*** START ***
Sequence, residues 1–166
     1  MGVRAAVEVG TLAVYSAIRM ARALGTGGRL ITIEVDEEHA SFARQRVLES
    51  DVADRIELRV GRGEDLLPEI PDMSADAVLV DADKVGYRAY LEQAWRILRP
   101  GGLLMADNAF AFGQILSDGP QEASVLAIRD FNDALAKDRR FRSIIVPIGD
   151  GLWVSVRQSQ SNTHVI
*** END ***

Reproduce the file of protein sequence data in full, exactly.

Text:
Sequence, residues 1–166
     1  MGVRAAVEVG TLAVYSAIRM ARALGTGGRL ITIEVDEEHA SFARQRVLES
    51  DVADRIELRV GRGEDLLPEI PDMSADAVLV DADKVGYRAY LEQAWRILRP
   101  GGLLMADNAF AFGQILSDGP QEASVLAIRD FNDALAKDRR FRSIIVPIGD
   151  GLWVSVRQSQ SNTHVI